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Surgery is more likely than angioplasty to relieve pain for patients with coronary artery disease

Patients with mid-range coronary artery disease are more likely to get relief from painful angina and less likely to have repeat procedures if they get bypass surgery rather than balloon angioplasty with or without a stent, according to a new report by the Agency for Healthcare Research and Quality (AHRQ).

The analysis drew on 23 randomized controlled trials that compared treatments for patients with mid-range coronary disease treatable with either angioplasty or bypass surgery. As defined by the report, mid-range disease may occur in three ways: a single blockage of the vital left anterior descending artery, blockage of two arteries or some forms of less-severe blockage of three arteries.

Coronary artery disease, a common type of heart disease, affects about 15 million Americans and is the leading cause of death for men and women. It occurs when cholesterol and fibrous tissue clog arteries that supply blood to the heart. When arteries narrow, diminished blood flow may starve the heart muscle of oxygen and nutrients.

Intense and potentially disabling chest pain, called angina, occurs when the blood supply to the heart muscle is insufficient during exercise or stress. If blood flow through a coronary artery is stopped, a heart attack—the death of a small part of the heart muscle—may result. In cases where drug therapy does not adequately relieve symptoms, patients have two choices.

In bypass surgery, surgeons use a blood vessel harvested from the chest, leg, or arm to reroute blood flow around narrowed heart arteries. In angioplasty, a catheter is used to inflate a balloon inside the plaque-narrowed artery. A mesh tube called a stent is usually inserted to keep the artery open.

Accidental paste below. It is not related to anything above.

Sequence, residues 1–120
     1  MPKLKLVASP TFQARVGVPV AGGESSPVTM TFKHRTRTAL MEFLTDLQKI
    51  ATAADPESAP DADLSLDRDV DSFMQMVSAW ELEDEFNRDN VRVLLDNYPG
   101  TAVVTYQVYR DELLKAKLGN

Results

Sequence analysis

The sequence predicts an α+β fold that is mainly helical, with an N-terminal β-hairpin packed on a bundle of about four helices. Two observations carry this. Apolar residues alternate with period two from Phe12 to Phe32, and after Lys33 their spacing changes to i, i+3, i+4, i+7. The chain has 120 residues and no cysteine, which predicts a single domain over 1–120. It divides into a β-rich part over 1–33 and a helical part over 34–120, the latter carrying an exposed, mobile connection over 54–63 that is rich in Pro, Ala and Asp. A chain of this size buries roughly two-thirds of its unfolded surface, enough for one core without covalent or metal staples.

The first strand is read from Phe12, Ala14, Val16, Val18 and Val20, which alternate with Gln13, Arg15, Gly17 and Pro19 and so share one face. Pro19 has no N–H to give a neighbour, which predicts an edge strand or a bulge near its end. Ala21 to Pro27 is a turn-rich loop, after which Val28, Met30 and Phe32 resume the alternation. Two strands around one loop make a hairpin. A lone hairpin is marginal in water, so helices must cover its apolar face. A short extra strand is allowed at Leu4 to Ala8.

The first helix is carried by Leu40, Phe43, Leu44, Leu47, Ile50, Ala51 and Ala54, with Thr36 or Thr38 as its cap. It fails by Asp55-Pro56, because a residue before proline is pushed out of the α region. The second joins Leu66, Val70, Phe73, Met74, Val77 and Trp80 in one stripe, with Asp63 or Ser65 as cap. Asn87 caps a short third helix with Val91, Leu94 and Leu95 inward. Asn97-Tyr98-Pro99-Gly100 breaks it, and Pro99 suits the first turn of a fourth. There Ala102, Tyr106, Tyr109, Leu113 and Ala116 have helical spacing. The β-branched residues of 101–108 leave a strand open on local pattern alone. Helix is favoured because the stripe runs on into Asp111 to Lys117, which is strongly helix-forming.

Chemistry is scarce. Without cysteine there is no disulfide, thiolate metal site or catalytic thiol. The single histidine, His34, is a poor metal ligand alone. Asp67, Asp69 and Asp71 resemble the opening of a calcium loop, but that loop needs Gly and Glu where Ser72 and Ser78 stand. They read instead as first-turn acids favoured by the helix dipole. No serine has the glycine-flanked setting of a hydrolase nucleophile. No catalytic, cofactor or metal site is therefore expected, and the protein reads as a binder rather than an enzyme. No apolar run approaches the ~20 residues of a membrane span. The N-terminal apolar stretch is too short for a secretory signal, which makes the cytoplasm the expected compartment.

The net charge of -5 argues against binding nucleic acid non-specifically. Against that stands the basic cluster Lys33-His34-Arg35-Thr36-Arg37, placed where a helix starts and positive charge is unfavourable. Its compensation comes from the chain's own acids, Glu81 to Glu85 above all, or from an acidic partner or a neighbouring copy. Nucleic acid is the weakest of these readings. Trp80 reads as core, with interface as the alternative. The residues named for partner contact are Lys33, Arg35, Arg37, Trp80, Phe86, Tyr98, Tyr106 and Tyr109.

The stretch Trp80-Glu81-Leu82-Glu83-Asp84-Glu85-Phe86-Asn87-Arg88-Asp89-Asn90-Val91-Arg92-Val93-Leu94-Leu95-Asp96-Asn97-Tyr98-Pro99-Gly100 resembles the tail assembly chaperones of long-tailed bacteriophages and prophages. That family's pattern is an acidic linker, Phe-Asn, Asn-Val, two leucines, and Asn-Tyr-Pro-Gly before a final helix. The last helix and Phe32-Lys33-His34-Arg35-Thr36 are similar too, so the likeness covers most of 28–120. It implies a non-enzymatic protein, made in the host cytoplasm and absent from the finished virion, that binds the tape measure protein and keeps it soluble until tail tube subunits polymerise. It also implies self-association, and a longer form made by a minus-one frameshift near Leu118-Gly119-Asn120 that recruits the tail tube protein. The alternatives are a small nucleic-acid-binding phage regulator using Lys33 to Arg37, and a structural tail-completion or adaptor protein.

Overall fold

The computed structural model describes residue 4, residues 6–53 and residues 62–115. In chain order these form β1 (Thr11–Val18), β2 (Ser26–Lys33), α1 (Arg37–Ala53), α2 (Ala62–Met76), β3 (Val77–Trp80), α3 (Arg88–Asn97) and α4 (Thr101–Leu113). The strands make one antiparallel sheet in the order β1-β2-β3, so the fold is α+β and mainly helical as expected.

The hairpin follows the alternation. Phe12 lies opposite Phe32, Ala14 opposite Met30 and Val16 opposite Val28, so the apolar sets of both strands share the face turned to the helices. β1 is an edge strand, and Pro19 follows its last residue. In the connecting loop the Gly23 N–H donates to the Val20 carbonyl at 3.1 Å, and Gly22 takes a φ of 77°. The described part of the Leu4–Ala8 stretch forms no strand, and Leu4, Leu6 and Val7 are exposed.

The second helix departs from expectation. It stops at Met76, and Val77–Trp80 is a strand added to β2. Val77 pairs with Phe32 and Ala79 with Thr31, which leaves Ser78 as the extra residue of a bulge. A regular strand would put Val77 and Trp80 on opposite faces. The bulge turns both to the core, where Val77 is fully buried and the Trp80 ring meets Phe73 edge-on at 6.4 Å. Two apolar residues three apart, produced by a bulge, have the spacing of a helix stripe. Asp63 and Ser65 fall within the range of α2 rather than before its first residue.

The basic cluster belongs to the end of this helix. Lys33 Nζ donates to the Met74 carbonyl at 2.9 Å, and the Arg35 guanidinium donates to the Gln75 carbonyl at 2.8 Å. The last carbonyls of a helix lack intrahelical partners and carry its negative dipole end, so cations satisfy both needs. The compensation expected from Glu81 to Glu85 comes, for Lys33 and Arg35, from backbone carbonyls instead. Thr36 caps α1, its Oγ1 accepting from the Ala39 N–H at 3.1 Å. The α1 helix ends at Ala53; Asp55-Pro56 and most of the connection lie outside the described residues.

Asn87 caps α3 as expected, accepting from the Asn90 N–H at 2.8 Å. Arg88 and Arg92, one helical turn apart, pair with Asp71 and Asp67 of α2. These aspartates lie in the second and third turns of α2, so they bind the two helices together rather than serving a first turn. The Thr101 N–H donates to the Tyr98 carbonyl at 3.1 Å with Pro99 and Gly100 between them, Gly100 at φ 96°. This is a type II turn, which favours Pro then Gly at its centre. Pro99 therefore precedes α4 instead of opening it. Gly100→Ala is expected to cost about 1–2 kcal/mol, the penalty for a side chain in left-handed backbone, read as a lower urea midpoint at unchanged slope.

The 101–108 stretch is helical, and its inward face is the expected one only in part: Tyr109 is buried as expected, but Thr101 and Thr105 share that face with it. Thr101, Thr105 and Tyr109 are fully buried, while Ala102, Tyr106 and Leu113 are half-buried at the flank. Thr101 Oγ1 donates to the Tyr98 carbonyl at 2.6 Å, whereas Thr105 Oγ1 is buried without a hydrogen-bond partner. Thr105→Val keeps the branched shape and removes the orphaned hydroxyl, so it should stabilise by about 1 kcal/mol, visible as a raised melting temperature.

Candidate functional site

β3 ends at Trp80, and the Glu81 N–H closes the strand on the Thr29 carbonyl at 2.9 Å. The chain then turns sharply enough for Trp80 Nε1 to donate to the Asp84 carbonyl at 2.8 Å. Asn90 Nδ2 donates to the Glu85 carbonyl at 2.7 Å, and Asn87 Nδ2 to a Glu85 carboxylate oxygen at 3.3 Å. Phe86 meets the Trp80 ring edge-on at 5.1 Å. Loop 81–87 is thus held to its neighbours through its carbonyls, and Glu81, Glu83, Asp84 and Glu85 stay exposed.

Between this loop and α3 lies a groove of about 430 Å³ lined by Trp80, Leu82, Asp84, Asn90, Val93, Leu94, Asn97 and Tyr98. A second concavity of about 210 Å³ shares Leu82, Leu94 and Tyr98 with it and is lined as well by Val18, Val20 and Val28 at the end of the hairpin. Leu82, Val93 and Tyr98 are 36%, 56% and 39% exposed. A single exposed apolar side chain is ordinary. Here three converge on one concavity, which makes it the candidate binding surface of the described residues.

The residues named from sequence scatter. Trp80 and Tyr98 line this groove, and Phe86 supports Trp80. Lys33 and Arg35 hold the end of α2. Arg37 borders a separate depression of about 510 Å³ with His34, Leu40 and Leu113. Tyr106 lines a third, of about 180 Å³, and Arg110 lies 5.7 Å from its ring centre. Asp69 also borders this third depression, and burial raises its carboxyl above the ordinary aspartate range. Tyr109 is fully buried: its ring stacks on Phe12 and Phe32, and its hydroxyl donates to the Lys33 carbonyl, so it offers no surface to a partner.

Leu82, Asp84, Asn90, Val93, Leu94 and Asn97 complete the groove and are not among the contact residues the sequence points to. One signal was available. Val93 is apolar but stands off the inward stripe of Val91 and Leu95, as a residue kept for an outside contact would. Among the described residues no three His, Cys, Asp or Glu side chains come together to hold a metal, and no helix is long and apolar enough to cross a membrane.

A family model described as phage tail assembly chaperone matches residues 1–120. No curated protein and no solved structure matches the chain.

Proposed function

For many patients, the best treatment choice is clear. For those with most extensive disease that limits blood flow in several arteries, bypass surgery is typically used. For those with the least extensive disease, less-invasive angioplasty is the standard choice.

The new Federal study, funded by AHRQ's Effective Health Care program and completed by the Agency's Stanford-University of California at San Francisco (UCSF) Evidence-based Practice Center, compared the outcomes and risks of the procedures in patients with mid-range coronary disease, where either procedure might be chosen.

Among the conclusions:

  • The odds of surviving either procedure are high: about 98.5 percent of patients survive beyond 30 days for both bypass surgery and angioplasty (with or without a stent).
  • Long-Term survival rates are likely to be comparable. About 96 percent of patients live at least 1 year following both procedures. About 90 percent live 5 years or more. Further research is needed to clarify survival benefits for patients at either extreme of the mid-range spectrum.
  • About 84 percent of patients who undergo bypass surgery are free of angina pain 1 year after the procedure, compared with about 75 percent of patients who receive angioplasty. The difference narrows but remains substantial 5 years after treatment.
  • About 4 percent of patients who have bypass surgery undergo a repeat procedure within 1 year, and 10 percent within 5 years. The need is significantly higher among patients who receive angioplasty – 24 percent more at 1 year and 33 percent more at 5 years.
  • About 0.6 percent more patients receiving bypass have a stroke during the first 30 days after the procedure than patients receiving angioplasty.
  • Studies that measured patients' quality of life 6 months to 3 years after undergoing the procedures found significantly more improvement for bypass surgery patients than for balloon angioplasty patients. The difference, which equalizes after 3 years, was attributed to angina relief.

The new report, Comparative Effectiveness of Percutaneous Coronary Interventions and Coronary Artery Bypass Grafting for Coronary Artery Disease, is available on the AHRQ Web site at http://effectivehealthcare.ahrq.gov. This report is the latest analysis from AHRQ's Effective Health Care program, which compares alternative treatments for significant health conditions and makes the findings public. It is intended to help patients, doctors, nurses, and others choose the most effective treatments.


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